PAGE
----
Quiz Time

March 30, 2010

Arsenal are back in action in Europe this week. So here’s a topical quiz.

Watch these two clips carefully.

Using your skill and judgement, decide which of these two goals demonstrated ‘quick thinking’ and which caused Arsene to react by saying: ‘the guy puts the ball down and plays quickly. [The ref] has to make sure the opponent is at nine metres distance. I believe he is incompetent or dishonest, so I prefer to believe he is not competent.’

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A pall of gloom fell over the footballing world over the weekend as Arsenal only managed a draw away at Birmingham City. But Arsene knows that the important thing is to understand the nature of every setback. His conclusions after a typically brutal game were: 

While Birmingham were allowed to play on a surface that was like a bowling green, Arsenal were forced to play on a completely different pitch (above). This is obviously not fair and both teams should be obliged to play on the same pitch in future.

Craig Gardner should not have been allowed to tackle Cesc Fabregas, who was so badly injured in the tackle that he was only able to complete the entire match.

It was inappropriate for Birmingham manager Alex McLeish to be pleased about the equaliser. He should have shared Wenger’s fury that the right team (ie Arsenal) were denied victory.  

Some Arsenal players were booked.

The goal was offside.

The goal wasn’t beautiful enough. It should only have been worth a half a goal.

One of the heartening aspects of the recent Arsenal league revival has been the return of Sol Campbell. Recent games have shown that he has lost none of the old class.

Although the foul was invented as long ago as 1996 (see Part 14) it was to be another 12 years before a player was actually injured when Arsenal striker Eduardo broke his leg following a challenge by somebody from Birmingham City who only knew one way to play. Until recently, only two other players had been injured in a game of football, both of them from Arsenal. Arsene Wenger understood that this was no coincidence and submitted a dossier to the FA to raise the issue, prompting the resignation of FA Chief Executive Ian Watmore. Watmore had only been in the job for a year but his decision to leave his post was inevitable when it became clear that Arsenal were the only team to suffer injuries to players.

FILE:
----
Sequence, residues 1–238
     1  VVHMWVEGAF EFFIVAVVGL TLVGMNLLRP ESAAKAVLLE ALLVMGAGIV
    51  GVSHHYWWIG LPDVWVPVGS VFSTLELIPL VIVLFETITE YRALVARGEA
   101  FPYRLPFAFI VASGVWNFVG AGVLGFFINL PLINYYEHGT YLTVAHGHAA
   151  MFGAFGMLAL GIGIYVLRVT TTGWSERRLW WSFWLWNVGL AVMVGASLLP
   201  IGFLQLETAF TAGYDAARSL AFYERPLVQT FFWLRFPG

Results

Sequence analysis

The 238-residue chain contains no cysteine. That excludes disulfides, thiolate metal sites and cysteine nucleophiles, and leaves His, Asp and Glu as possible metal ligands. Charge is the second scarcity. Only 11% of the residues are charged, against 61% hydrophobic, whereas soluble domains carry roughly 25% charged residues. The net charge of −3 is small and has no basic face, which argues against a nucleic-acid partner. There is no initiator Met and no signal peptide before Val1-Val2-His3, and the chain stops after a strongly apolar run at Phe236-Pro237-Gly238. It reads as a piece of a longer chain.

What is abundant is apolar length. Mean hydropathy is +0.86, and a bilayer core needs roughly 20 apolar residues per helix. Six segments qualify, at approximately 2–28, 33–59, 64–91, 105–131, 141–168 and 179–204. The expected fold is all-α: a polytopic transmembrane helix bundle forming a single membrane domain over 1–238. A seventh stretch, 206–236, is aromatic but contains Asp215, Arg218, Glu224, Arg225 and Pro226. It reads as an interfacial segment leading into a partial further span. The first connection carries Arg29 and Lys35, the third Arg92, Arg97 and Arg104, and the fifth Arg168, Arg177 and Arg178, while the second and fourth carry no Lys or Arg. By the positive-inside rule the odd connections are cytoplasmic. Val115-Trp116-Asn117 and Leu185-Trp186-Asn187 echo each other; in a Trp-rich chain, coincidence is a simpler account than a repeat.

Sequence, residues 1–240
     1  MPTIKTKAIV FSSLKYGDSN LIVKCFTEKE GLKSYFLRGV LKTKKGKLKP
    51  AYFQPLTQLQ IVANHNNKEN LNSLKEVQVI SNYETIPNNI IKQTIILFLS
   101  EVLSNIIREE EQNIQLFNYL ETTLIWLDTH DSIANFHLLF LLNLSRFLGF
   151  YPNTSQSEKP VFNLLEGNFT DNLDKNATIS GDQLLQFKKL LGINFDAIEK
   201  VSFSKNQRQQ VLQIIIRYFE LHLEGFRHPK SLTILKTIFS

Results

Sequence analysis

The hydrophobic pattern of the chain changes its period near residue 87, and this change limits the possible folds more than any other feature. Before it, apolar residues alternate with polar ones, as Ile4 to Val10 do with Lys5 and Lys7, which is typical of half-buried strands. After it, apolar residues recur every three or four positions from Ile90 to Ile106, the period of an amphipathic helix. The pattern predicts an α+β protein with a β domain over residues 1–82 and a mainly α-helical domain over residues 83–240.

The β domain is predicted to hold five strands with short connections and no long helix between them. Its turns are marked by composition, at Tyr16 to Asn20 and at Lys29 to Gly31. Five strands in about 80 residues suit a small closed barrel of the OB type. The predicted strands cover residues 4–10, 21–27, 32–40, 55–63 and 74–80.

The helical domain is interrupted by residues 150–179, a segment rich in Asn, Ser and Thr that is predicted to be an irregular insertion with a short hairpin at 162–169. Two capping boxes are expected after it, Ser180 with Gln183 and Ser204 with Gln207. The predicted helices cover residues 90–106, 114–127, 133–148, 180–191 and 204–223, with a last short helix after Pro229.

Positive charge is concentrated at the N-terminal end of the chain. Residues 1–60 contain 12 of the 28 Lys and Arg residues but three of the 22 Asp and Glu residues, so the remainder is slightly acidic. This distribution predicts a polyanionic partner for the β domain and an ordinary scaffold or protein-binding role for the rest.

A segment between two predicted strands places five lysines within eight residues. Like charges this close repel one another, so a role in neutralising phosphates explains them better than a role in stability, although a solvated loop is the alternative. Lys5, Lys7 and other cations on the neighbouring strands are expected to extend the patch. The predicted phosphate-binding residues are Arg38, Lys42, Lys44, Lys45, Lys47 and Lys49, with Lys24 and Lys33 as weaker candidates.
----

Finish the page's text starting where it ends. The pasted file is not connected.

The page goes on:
Nevertheless, Wenger’s dossier included the claim that in future a player from another club might suffer an injury. His stance was vindicated when it was revealed that Neville Davitt of Barnstoneworth United had become the fourth player (and the first non-Arsenal player)  to sustain an injury in a Yorkshire Premier League game over the weekend.

A mixed day for Arsenal as they went top of the table with a 2-0 win over London cloggers West Ham, but which saw Thomas Vermaelen become the first Arsenal player to be sent off in a League game since Cliff Bastin inadvertently fouled Stanley Matthews in 1935. 

Other positives from the game included the improving performances of Sol Campbell who followed up last week’s totally innocuous curtailing of Kamil Zayatte’s season and professional foul on Vennegoor of Hesselink with a completely accidental late hack at Junior Stanislas which saw the Gunners’ man receive a ridiculously harsh yellow card (above).

Quiz Time

March 19, 2010

Which manager in 2002, made the following statement after his team picked up their 11th red card in just 37 games:

‘You have to admire the passion and commitment of the English game. You have to ask yourself if you want to take that out of the game here. When I watch a Serie A game, I’m bored after 5 minutes. If you want totally clean football, you’ll get bored.’

A ‘Harry’ Bassett (pictured)

B Sam Allardyce

C Arsene Wenger?

There was a predictable furore at the weekend after Sol Campbell prematurely ended Kamil Zayatte’s season in a 50-50 challenge after earlier conceding a penalty by bringing down Jan Vennegoor of Hesselink when through on goal. Some claimed that Campbell shouldn’t have been on the pitch to cripple Zayatte in the first place. Other made insidious comparisons with Ryan Shawcross’s so-called 50-50 challenge which resulted in Aaron Ramsey’s near-death experience a couple of weeks ago. Yes, Graham Poll, we mean you.

Obviously these sorts of daft comparisons happen in the immediate aftermath of games when emotions are running high and people haven’t had the chance to think things through. A couple of days later we can make more sober assessments and draw more realistic conclusions. In this case, it is that people have to remember that the Shawcross incident involved something happening TO an Arsenal player, whereas in Campbell’s case it involved something committed BY an Arsenal player. Let’s hear no more about it.

Arsene does not agree with teams who attack refs. He believes that players need to work with refs to bring to their attention things they might be unable to see, such as trips. Eduardo is building a reputation as the referee’s friend but has work to do before he reaches the popularity levels enjoyed by Robert Pires.

The intellectual Arsene Wenger has the poem If by Rudyard Kipling tattooed on his backside. It includes the following lines.
If you can meet with triumph and disaster
And treat those two imposters just the same;

Short intermission

March 9, 2010

There will be no normal blog entry today out of respect for Arsene Wenger who went beyond parody today in this newspaper interview.